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Agglomeration, integration and tax harmonization
Richard Baldwin and Paul KrugmanRichard Baldwin is at the Graduate Institute of International Studies, Geneva, and the Centre for Economic Policy Research. Paul Krugman is at Princeton University and the Centre for Economic Policy Research.
Keywords Economics, Tax harmonization
According to pundits, closer economic integration and heightened capital mobility – call it globalization, if you will – require tax harmonization. Failure to align taxation, particularly capital taxation, will result in destructive competition among states, i.e. a "race to the bottom", and this will undermine Europe's generous welfare states. These bald assertions are taken by many as self-evident. They may, nonetheless, be wrong.
The integration-requires-harmonization logic is underpinned by a particular world view – let us call it the traditional paradigm. Other things being equal, producers will move their capital to whichever country has the lowest taxes, so attempts to attract or hold on to employment will lead to a competition that drives tax rates ever lower.
But things are not necessarily equal. Countries with generous welfare states paid for by high tax rates tend to be countries that have long been wealthy – such nations offer capital the advantages of excellent infrastructure, established customer and supplier bases, accumulated experience, a well-trained workforce, etc. In short, rich nations are an attractive location for production since they are rich. Within limits, this presumably allows rich nations to hold on to mobile factors of production, even while levying higher tax rates than poorer nations. On the other hand, should the tax rate get too high, the results could be catastrophic; not only will capital move abroad but, because that movement undermines the attractiveness of the rich region, delocation may be massive and irreversible. This alternate world view also seems straightforward. Yet, the two world views lead to radically different conclusions about the necessity and desirability of tax harmonization.
Let us begin at the beginning by laying out more fully the reasoning behind the traditional paradigm.
The traditional tax competition view
The traditional paradigm views tax competition among governments as quite similar to competition among private-sector firms and there is much to be learned from the analogy. Consider two firms (to be concrete, say they sell office supplies to companies) vying for the business of local firms. There are two salient features of competition here – fat-cutting and cost-cutting.
Competition forces each firm to offer its goods at a price that is no higher than necessary to cover costs and earn a reasonable return on investments. This is fat-cutting. Competition also induces firms to cut costs to a minimum. This is cost-cutting. Broadly speaking, both aspects of this competition are good for society, promoting efficiency and reasonable prices.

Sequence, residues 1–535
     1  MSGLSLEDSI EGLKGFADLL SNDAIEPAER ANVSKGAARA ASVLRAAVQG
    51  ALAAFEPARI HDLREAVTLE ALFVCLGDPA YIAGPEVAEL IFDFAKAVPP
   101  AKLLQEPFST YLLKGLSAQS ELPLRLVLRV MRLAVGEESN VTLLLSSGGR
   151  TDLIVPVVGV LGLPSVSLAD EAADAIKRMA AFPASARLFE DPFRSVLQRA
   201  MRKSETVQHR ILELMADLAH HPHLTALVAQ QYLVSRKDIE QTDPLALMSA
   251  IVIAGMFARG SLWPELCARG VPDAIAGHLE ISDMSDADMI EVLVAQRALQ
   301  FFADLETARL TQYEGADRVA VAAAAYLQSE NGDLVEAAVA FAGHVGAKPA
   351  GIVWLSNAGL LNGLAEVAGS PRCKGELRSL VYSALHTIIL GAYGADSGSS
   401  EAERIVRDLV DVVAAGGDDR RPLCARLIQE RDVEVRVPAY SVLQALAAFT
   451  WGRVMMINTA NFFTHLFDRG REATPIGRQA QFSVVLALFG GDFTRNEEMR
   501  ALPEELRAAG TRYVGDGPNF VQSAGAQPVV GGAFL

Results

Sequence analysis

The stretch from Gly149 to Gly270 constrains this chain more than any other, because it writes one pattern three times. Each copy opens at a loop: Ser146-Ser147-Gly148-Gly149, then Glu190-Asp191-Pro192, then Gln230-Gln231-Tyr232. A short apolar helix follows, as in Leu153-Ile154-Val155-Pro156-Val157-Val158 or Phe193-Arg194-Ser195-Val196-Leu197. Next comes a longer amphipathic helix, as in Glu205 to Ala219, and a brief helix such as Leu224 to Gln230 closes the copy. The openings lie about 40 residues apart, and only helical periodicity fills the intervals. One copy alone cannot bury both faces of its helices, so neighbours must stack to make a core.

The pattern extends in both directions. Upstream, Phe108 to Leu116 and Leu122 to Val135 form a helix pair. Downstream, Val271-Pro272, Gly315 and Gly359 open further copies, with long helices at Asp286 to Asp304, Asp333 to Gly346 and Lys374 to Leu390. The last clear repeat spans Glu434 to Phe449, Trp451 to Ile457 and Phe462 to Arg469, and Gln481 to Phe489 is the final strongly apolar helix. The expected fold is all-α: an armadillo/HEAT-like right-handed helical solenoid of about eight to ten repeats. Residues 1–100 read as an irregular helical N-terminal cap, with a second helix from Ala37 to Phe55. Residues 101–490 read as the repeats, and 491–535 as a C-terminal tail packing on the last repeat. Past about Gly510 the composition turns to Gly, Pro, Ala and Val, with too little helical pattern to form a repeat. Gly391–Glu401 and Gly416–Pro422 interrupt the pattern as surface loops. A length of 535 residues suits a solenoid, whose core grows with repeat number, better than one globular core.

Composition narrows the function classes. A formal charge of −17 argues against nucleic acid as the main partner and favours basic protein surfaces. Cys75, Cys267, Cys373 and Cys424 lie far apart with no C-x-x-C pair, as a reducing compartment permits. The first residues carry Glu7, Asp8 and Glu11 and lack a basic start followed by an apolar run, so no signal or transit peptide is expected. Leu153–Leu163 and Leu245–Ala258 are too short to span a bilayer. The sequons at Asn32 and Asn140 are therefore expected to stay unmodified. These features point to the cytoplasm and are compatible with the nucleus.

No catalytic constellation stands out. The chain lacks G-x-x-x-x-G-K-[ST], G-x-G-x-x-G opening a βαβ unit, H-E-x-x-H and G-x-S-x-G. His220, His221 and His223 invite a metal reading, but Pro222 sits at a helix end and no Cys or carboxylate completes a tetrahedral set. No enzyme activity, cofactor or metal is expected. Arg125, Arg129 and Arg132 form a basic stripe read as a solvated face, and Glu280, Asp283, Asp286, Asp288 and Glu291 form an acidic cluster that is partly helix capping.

The first aspect of competition is also beneficial when applied to governments. When firms have a choice of locations, governments are forced to offer an attractive combination of good public service (schools, infrastructure, legal system, etc.) and levy taxes no higher than necessary to pay for these. The second aspect of competition, however, may result in a level of public services that is too low. Low taxes are not a bad thing in themselves, but cost-cutting for the public sector can mean skimping on public services – good roads, national defence, the police and court systems, social welfare, and the like. The result being that citizens in competing jurisdictions end up with a more brutal society than they would wish.
Tax harmonization, or indeed any other way of restraining tax competition, seems an eminently reasonable proposition in this world view. The competition has, after all, created a silly situation. No government can afford to charge taxes that would allow them to provide the level of service that their citizens would like but, since the tax-cutting is matched by all nations, no nation gains a tax advantage. This is like a crowd that watches a two-hour football match while standing: no one really sees any better, but none can relax in their seat with everyone else standing. In this world view, tax harmonization agreements among governments are like price-fixing cartels among firms, i.e. very attractive to all negotiating parties.
Some contradictory evidence
Sherlock Holmes frequently noted that it is a capital mistake to theorize before examining the facts, since this insensibly leads one to twist facts to fit theories rather than theories to fit facts. Following this dictum, it is worth taking a quick look at the facts. In particular, increased economic integration is not new.
European trade barriers have been falling more or less continuously since the late 1940s – barriers to capital mobility have also fallen during this period.